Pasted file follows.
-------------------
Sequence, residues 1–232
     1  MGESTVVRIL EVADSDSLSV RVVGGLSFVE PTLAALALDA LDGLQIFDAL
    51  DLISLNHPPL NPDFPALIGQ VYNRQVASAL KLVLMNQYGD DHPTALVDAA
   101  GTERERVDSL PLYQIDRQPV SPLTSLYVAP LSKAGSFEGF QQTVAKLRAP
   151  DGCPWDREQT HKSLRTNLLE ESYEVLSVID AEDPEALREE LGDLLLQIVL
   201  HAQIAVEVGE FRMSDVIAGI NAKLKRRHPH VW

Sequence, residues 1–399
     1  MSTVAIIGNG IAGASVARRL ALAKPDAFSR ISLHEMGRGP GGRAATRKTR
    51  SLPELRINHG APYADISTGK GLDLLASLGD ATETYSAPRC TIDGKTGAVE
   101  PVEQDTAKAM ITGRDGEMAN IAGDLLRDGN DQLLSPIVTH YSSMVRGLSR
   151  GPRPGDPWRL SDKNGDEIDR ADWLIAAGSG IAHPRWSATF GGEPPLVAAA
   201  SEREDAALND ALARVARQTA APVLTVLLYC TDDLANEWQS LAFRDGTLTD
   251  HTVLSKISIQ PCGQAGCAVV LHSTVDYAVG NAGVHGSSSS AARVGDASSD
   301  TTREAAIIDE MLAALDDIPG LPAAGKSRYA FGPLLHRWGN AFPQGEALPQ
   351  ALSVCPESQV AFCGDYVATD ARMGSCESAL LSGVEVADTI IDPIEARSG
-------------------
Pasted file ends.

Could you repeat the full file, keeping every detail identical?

Sequence, residues 1–232
     1  MGESTVVRIL EVADSDSLSV RVVGGLSFVE PTLAALALDA LDGLQIFDAL
    51  DLISLNHPPL NPDFPALIGQ VYNRQVASAL KLVLMNQYGD DHPTALVDAA
   101  GTERERVDSL PLYQIDRQPV SPLTSLYVAP LSKAGSFEGF QQTVAKLRAP
   151  DGCPWDREQT HKSLRTNLLE ESYEVLSVID AEDPEALREE LGDLLLQIVL
   201  HAQIAVEVGE FRMSDVIAGI NAKLKRRHPH VW

Sequence, residues 1–399
     1  MSTVAIIGNG IAGASVARRL ALAKPDAFSR ISLHEMGRGP GGRAATRKTR
    51  SLPELRINHG APYADISTGK GLDLLASLGD ATETYSAPRC TIDGKTGAVE
   101  PVEQDTAKAM ITGRDGEMAN IAGDLLRDGN DQLLSPIVTH YSSMVRGLSR
   151  GPRPGDPWRL SDKNGDEIDR ADWLIAAGSG IAHPRWSATF GGEPPLVAAA
   201  SEREDAALND ALARVARQTA APVLTVLLYC TDDLANEWQS LAFRDGTLTD
   251  HTVLSKISIQ PCGQAGCAVV LHSTVDYAVG NAGVHGSSSS AARVGDASSD
   301  TTREAAIIDE MLAALDDIPG LPAAGKSRYA FGPLLHRWGN AFPQGEALPQ
   351  ALSVCPESQV AFCGDYVATD ARMGSCESAL LSGVEVADTI IDPIEARSG